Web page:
Feeling the Stress and Anxiety of the Covid-19 Pandemic?
Will the Pandemic Have an Impact on My Retirement?
Just a few short weeks ago, I started this Blog to document my transition from working life into retirement. The plan, for a long time now, has been to sell the house, purchase an RV, and leave our current home behind for a life on the road exploring America. When I started, we had only heard about the “Corona Virus” and the outbreak occurring in the interior of China. We never expected it to become this global pandemic that it has now become and as a result, I’m wondering if this will delay our retirement plans.
This global pandemic situation has caused the government at both the national and state levels to implement measures to protect us all and circumvent the transmission and spread of the covid-19 virus. It definitely has been a new experience for us all, with all the state and municipal lockdowns, and stay at home orders. I’m one of those essential personnel though, one who is still able to go to work, but in an environment that has the potential to become a hot zone should Covid-19 appear within the facility. You see, I work in our county jail and we must report for work every day in order to keep the community safe and ensure the safety of our inmate population. It also means we must be ready to cover for those staff members who fall ill and can’t be at work for the protection of everyone.
Over the past few weeks a lot has happened. When the pandemic first started to catch people’s attention it began to show up daily in the nightly news. Our Sheriff, out of caution, immediately understood the dangers associated with our operations and told the federal marshals and US Customs and Immigration that we would no longer be housing new federal inmates or immigration detainees. The US Marshals apparently understood the decision but when the Immigration service got the message they decided to remove all two hundred and seventy five current detainees that we were holding for them. They did it in one massive operation. It was a midnight run and they came with greyhound style buses and removed all of their detainees in one swift action. I was told they took them to Dallas, as in Dallas Texas. I’m not really sure if that’s true, but I heard it from someone I would consider a reliable source. Then our Sheriff and the department’s administration took it a step further by telling probation and parole to work on getting all of their misdemeanor probation holds out of the jail if they could because misdemeanors posed the least threat to the community and it would draw down the number of inmates being housed. This began to happen almost immediately and the numbers in custody declined rapidly. Several other means were also utilized to reduce the inmate population and with numbers dropping, supervision began condensing the jail into fewer work zones. This in turn reduced the normal manpower required to operate the jail and meant everyone would need to adjust to the new smaller environment.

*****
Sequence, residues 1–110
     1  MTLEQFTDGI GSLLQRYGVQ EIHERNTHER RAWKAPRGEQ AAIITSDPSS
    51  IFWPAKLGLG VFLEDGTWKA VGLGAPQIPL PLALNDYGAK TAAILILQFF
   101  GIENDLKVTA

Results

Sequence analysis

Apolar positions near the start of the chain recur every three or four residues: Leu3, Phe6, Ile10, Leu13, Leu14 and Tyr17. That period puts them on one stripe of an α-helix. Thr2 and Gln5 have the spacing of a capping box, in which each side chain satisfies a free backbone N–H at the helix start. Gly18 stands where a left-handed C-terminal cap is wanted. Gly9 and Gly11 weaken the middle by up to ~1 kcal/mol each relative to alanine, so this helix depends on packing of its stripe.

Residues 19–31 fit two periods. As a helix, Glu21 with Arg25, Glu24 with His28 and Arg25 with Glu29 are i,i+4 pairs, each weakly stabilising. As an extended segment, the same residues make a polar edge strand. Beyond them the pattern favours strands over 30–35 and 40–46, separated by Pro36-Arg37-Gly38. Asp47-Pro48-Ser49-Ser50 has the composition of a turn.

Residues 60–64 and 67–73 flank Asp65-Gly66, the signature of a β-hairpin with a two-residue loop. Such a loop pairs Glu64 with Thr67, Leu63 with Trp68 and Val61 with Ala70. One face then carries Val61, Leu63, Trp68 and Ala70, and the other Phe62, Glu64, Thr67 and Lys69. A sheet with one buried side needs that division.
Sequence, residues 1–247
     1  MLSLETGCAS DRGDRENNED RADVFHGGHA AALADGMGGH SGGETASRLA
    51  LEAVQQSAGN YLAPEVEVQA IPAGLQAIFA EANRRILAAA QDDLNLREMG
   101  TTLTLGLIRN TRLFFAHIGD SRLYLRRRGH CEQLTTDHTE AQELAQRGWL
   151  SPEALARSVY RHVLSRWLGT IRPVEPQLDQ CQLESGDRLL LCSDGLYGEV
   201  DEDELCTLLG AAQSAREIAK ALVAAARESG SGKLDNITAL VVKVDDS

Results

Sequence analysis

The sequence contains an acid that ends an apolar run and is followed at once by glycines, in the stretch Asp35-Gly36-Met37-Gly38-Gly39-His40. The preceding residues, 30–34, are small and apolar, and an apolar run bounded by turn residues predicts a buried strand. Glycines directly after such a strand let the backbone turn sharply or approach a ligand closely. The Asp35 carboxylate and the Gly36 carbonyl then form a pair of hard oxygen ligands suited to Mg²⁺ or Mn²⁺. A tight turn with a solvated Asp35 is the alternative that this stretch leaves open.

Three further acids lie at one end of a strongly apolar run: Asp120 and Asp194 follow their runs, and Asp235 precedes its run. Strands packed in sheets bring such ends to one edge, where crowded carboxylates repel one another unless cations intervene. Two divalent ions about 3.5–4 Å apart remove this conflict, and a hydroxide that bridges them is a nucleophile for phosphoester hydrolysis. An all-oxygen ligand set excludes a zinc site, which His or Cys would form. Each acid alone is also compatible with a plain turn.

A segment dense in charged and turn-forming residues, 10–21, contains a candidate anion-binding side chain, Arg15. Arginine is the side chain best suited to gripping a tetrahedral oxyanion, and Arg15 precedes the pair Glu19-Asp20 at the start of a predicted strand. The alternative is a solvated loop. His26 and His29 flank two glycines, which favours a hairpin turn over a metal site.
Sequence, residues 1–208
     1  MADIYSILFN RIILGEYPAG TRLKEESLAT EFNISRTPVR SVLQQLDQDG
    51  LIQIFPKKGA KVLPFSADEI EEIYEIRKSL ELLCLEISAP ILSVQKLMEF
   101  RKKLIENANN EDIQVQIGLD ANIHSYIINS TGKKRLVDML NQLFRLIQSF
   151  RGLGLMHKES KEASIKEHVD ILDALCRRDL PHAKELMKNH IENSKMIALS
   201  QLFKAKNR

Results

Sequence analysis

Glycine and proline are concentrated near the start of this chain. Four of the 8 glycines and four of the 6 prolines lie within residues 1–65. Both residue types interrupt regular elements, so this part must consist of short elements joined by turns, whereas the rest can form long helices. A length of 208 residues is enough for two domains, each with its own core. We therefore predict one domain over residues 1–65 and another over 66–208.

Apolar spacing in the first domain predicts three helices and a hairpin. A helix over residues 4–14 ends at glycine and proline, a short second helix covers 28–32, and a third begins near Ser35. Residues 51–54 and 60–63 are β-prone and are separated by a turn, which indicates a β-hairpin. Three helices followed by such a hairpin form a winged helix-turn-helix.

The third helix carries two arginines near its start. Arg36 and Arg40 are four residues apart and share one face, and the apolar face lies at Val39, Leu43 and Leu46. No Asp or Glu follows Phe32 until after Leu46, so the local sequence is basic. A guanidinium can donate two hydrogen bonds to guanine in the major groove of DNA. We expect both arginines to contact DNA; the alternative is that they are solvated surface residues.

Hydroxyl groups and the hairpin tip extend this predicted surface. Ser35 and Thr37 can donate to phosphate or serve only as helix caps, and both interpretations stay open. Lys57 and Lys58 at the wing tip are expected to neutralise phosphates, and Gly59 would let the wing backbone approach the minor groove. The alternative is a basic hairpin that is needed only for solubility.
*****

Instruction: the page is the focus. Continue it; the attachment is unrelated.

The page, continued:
So here’s my dilemma, I’ve been working overtime up to this point in an effort to save as much cash for retirement as possible. Overtime appears to be drying up now and what is still available requires me to work four additional hours after my normal 12 hour shift. I do take these slots as much as I can but it’s a bit taxing on my system, especially when it’s mostly made available at short notice for someone calling in sick. With all of the policy changes and new procedures, as well as covid-19 precautions, like having to wear an N95 mask at all times within the secure facility, has really increased the stress and anxiety in our work environment. Then top it off with the worry I’m experiencing, wondering if the housing market is going to drop off due to these unprecedented times and the number of businesses shut down and people now unemployed. It truly is disconcerting and the root of many people’s anxiety.
Our administration has been doing what they can to muddle through this mess and keep everyone informed and as safe as possible. Last week they provided us with a “Coronavirus Anxiety Workbook” that surprisingly enough had some really good information and advice that all of us could use to alleviate all the stress or anxiety we’re experiencing from all of this quick change. Therefore, I’m going to share the information here on my blog and Facebook. I feel it could help many of you out there by providing some helpful resources to help you cope. I’ve actually been doing several of the things suggested here and it helps. Hope you also find this useful in coping with your stress and anxiety too.
Coronavirus Anxiety Workbook
A Tool to Help You
During Difficult Times